Pompeii, the Holocaust, and World War Two

Paul, Joanna (2011). Pompeii, the Holocaust, and World War Two. In: Hales, Shelley and Paul, Joanna eds. Pompeii in the Public Imagination from its Rediscovery to Today. Classical Presences. Oxford: Oxford University Press.

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[About the book]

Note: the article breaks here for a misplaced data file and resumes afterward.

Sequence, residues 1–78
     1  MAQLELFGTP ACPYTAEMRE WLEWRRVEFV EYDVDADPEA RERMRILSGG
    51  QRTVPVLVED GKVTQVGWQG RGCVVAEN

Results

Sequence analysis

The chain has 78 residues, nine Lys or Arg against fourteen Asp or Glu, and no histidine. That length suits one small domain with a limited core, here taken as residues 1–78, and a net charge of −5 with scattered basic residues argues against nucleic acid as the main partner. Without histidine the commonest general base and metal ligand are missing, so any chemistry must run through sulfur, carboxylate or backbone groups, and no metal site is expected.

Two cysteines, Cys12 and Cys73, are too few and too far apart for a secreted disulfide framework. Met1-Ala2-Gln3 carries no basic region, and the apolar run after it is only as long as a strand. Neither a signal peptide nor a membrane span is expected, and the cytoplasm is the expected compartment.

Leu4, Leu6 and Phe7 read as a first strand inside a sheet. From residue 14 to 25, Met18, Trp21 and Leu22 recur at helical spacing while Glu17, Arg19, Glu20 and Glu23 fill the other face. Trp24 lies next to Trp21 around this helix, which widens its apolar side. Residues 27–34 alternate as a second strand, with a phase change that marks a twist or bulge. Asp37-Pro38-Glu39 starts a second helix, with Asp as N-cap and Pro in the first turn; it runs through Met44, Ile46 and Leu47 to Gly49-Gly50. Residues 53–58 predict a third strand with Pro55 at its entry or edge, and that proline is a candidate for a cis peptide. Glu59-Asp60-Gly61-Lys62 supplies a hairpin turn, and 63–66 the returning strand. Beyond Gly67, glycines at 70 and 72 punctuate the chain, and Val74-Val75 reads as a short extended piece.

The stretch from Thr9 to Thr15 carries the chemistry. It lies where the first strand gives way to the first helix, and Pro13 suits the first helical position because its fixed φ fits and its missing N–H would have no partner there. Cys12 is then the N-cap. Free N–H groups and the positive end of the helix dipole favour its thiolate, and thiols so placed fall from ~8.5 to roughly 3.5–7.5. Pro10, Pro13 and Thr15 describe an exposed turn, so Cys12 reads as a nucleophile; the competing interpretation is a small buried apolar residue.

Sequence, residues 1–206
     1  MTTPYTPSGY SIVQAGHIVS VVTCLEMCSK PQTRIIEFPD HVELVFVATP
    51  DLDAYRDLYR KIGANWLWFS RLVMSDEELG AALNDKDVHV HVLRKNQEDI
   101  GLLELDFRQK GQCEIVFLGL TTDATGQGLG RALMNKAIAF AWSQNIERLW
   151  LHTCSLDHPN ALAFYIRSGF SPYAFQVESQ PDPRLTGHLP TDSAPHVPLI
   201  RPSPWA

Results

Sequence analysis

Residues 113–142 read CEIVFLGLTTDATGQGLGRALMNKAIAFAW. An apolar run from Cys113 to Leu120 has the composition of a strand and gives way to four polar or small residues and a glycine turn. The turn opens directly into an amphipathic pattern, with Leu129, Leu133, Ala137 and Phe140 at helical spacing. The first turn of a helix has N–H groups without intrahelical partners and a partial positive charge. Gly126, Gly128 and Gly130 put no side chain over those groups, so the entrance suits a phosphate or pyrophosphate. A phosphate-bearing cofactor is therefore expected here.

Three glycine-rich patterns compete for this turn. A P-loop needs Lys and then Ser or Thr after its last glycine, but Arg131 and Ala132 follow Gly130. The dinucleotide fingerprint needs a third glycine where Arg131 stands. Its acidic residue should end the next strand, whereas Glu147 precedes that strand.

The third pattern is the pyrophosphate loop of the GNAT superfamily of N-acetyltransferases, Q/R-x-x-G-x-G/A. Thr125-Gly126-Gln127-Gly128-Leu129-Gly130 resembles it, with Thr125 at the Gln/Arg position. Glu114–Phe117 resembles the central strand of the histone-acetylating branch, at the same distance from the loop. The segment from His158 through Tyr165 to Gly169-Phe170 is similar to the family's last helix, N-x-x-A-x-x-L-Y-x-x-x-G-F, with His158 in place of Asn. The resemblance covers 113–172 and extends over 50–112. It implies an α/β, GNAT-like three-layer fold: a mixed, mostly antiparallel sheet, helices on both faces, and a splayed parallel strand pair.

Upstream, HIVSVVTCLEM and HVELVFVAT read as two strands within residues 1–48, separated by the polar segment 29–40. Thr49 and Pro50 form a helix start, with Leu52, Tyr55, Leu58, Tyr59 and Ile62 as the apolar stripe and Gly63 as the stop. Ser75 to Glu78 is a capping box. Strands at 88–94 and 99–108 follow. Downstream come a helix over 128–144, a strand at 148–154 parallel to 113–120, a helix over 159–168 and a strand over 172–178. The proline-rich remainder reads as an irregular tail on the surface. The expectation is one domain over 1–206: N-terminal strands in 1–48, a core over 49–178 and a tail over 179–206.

The city of Pompeii has had an enormous impact on Western imaginations since its rediscovery under the ashes of the volcano that destroyed it in 79 CE. In the 250 years since excavations began, Pompeii has helped to bring the ancient world to life for everyone, from music hall audiences to gentleman scholars, and it continues to have an impact on the way in which we think about the past, and the human condition itself. The contributors to this generously illustrated volume, who include the novelist Robert Harris, in a recorded interview, investigate how Pompeii has been used in film, fiction, and art on both sides of the Atlantic over three centuries. They explore the many different ways in which Pompeii inhabits our imaginations: as ghostly relic of human suffering, romantic ruin, model of cultural inspiration, home of a distant, decadent culture, and comforting model for everyday life.

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